You've probably heard about the JSON and JSONB datatypes that PostgreSQL database provides. When it comes to Rails the usual use of these types is to store key-value data (i.e. hashes) in it, either directly or using something more sophisticated like Virtus or Storext gems.

In this post I'm going to show you how you can use this datatype to store not just hashes, but collections of them and also take advantage of validations, casting and other nice features that Rails' models and attributes provide.

In other words we're going to mimic the has_many relationship but instead of using a separate table for the secondary model we're going to store the child models in a JSON(B) field in the primary table.

Toy example

Let's say we want to store comments to a blog post. Normally we would create a normal Comment model with it's own table and create a has_many :comments association on Post model and belongs_to :post association on the Comment model. In this example we're going to store the Comment instances directly in the posts table.

Migration

First we need to create the posts table with a comments JSONB field:

class CreatePosts < ActiveRecord::Migration[5.2]
def change
create_table :posts do |t|
t.string :title
t.text :body
t.jsonb :comments

t.timestamps
end
add_index :posts, :comments, using: :gin
end
end

Models and Serializers

Once we have the table we're going to write a very simple Post model:

class Post < ApplicationRecord
serialize :comments, CommentsSerializer
end

The interesting part is line XXX where we're telling ActiveRecord to serialize comments into our comments field using a custom serializer that takes care of transforming our array of Comment objects into the JSONB field when we save the Post instance and transforming the JSON from the DB back into array of Comment objects upon read:

class CommentsSerializer
# save to database
def self.dump(comments=[])
(comments || []).map &:to_hash
end

# load from database
def self.load(comments=[])
(comments || []).map do |c|
Comment.new(c)
end
end
end

Now let's take a look at the Comment model:

class Comment
include ActiveModel::Model
include ActiveModel::Attributes

attribute :author, :string, default: 'Anonymous'
attribute :body, :string

validates_presence_of :author, :body
end

As you can see we're not inheriting from the ActiveRecord::Base class as we don't need all the standard machinery for working with a dedicated table. All we need to include is the ActiveModel::Model for validations and include ActiveModel::Attributes which allows us to define types and default values.

Comment form

That's pretty much all on the model side. Now we can store Comment instances inside of the Post instances:

post = Post.new(title: 'Hello!', body: 'World!')
post.comments << Comment.new(author: 'Rick', body: 'https://is.gd/2aLkKB')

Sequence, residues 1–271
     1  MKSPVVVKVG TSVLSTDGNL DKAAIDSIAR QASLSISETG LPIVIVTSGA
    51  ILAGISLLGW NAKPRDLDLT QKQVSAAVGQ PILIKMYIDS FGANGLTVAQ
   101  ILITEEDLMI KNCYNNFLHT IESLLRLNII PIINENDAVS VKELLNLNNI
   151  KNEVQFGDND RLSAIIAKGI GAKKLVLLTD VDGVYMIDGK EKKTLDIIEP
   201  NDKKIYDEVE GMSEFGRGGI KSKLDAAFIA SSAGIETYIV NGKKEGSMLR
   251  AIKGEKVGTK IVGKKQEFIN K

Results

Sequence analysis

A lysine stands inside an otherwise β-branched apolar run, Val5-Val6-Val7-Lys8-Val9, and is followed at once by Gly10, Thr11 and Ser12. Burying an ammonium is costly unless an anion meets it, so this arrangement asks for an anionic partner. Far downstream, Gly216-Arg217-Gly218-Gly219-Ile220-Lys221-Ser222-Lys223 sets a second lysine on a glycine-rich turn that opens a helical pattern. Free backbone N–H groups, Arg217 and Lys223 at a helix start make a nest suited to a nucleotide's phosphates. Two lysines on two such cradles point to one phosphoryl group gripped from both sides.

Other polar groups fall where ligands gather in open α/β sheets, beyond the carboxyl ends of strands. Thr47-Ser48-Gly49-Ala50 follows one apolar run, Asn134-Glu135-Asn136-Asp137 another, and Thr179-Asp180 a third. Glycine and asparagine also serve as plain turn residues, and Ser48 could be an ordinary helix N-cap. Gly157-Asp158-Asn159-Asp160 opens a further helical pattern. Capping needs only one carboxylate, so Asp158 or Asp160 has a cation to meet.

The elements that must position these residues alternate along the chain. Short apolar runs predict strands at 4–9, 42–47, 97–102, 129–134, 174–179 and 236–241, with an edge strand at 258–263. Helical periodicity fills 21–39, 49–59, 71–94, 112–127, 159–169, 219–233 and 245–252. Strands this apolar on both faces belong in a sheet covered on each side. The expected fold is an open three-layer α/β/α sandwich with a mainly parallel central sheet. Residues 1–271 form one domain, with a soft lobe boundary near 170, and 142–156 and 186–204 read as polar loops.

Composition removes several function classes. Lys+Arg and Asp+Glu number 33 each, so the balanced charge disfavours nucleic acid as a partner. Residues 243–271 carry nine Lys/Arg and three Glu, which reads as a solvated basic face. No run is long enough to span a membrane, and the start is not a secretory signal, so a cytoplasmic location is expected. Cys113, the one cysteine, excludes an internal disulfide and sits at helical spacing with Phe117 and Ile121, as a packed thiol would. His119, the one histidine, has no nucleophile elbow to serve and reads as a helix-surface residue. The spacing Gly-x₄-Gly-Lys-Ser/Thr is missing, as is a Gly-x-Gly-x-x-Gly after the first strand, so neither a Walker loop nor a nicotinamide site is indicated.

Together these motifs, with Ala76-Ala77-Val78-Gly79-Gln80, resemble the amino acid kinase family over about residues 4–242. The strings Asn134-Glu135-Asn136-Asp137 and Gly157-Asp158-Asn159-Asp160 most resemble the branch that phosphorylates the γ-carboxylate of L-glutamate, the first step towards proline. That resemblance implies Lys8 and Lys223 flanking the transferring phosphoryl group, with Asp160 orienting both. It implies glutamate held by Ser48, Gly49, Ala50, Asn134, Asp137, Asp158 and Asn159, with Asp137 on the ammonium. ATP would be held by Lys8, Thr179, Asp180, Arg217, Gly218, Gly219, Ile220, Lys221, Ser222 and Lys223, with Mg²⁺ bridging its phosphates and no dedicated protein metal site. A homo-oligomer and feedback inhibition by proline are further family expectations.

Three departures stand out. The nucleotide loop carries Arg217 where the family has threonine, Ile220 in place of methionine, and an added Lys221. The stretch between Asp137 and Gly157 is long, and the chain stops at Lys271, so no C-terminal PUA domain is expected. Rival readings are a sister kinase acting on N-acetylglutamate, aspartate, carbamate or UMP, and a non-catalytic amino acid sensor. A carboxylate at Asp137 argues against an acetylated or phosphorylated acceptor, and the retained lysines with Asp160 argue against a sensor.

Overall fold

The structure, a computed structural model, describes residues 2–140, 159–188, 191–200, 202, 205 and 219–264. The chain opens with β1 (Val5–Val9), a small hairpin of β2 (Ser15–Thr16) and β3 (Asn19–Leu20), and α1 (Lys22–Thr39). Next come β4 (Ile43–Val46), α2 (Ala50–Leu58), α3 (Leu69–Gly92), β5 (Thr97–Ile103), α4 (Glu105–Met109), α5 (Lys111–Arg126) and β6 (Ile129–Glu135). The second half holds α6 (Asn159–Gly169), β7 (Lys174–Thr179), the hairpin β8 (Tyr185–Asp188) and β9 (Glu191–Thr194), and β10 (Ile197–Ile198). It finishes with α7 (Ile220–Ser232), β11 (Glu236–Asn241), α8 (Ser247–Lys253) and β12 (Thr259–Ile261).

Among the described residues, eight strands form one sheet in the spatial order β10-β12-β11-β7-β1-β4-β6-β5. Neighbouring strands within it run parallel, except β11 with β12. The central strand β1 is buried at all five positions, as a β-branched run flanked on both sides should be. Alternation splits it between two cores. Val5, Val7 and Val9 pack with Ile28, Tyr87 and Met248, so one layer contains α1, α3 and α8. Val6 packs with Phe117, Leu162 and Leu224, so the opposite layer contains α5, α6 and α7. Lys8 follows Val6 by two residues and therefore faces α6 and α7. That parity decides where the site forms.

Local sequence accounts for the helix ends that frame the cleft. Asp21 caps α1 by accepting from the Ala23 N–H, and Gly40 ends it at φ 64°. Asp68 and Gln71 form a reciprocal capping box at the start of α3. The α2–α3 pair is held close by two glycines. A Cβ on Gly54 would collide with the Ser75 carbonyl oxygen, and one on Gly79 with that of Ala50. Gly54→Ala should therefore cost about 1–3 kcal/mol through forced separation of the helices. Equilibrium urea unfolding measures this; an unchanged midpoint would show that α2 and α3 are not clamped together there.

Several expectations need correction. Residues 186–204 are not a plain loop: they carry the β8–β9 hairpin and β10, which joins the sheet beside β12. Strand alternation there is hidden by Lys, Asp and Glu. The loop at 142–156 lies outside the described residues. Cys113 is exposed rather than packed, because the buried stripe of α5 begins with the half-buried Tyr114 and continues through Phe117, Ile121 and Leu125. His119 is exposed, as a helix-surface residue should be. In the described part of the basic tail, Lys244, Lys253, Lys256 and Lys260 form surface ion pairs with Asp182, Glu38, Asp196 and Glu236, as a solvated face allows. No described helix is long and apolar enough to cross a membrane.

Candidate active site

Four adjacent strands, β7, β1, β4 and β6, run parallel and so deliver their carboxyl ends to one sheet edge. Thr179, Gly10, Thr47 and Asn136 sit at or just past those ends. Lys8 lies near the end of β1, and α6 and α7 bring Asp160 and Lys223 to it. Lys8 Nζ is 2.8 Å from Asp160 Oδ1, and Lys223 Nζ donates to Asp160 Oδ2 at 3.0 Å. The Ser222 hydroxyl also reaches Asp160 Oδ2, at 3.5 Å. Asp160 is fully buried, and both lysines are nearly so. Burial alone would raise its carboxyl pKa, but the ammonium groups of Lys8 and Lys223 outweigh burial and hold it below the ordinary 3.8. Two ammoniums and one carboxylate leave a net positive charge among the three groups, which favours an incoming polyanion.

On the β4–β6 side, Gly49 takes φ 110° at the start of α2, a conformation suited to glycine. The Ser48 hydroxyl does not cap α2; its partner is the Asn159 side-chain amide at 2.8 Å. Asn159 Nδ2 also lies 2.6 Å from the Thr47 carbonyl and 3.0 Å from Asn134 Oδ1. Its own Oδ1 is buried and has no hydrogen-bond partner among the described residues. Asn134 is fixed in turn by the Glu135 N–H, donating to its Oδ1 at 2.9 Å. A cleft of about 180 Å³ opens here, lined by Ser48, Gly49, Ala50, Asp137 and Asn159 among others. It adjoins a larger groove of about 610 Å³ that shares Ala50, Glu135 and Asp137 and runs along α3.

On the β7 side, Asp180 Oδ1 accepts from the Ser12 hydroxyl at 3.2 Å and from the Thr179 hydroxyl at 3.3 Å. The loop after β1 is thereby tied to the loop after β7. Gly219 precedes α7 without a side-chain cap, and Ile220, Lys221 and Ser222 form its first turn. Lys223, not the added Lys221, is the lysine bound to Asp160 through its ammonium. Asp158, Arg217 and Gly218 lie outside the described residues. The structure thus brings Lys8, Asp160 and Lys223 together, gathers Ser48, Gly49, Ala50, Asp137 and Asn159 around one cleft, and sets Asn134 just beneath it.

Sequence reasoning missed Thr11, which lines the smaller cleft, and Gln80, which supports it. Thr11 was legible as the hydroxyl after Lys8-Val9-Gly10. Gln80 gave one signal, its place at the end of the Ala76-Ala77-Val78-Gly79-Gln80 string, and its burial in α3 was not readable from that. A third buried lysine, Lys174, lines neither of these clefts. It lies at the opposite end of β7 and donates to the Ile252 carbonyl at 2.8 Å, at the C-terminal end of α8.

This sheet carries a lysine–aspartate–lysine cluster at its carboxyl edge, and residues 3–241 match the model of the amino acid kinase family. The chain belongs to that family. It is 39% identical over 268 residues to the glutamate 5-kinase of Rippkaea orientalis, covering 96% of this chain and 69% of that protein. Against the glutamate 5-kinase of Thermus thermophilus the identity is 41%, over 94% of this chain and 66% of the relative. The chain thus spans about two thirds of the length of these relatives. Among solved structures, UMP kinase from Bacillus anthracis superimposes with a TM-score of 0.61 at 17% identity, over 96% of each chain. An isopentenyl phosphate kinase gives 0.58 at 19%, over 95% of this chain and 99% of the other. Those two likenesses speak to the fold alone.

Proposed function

post.save

Now let's see how we would handle the comment form on the blog post page. We're going to create a new route for adding new Comment to a Post. This route will live inside of the posts resource and will be defined on a member of this resource, since a Comment always belongs to a particular Post.

resources :posts, only: [:index, :show] do
post 'comments', to: 'posts#create_comment', on: :member
end

Let's create the Posts controller with the create_comment action that takes care of adding the submitted Comment to the parent Post:

class PostsController < ApplicationController

before_action :load_post, only: [:show, :create_comment]

def index
@posts = Post.all.order(created_at: :desc).limit(10)
end

def show
@comment = Comment.new
end

def create_comment
@comment = Comment.new(comment_params)
if @comment.valid?
@post.comments << @comment
@post.save
redirect_to post_path(@post)
else
render :show
end
end


private

def load_post
@post = Post.find(params[:id])
end

def comment_params
params.require(:comment).permit(:author, :body)
end
end

Finally, we need the views. View for the index action is pretty straightforward (we just need it it list the posts while rendering link to the show action for each), the show view is more interesting since it both lists the existing comments and displays the comment form (possibly with validation errors):

<h2><%= @post.title %></h2>

<p><em>Published: <%=
l @post.created_at %></em></p>

<div class="body">
<%= @post.body %>
</div>

<hr>

<h3>Comments:</h3>

<% @post.comments.each do |comment| %>
<div class=
"comment">
<b><%= comment.author %></b> said: <%= comment.body %>
</div>

<% end %>

<hr>


<h4>Add your comment!</h4>

<%= form_for @comment, url: comments_post_path, local: true do |f| %>
<% @comment.errors.full_messages.each do |msg| %>
<p><%=
msg %></p>
<% end %>

<%= f.text_field :author %>
<br>
<%= f.text_area :body %><br>
<%= f.submit "Submit comment" %>
<% end %>

Now if you visit the post page you'll be able to see the full list of comments and also add a new one. Try to submit an invalid comment to see that the validation works.

If you look into the posts table in your database you'll see that the comments data is nicely stored as a JSON object on which you can then perform complex queries thanks to the index we've created.

So to recap: this is a nice and simple way to store embedded collections in a JSONB field while keeping rails goodies like validations, casting, etc. All plumbing like form helpers also work as you're used to. All you really need is a JSONB field, serializer and a lightweight non-AR model.

You can see the complete source code of a working demo project on my GitHub: michalvalasek/rails_jsonb_collections

Have an idea on how to improve this? Let me know!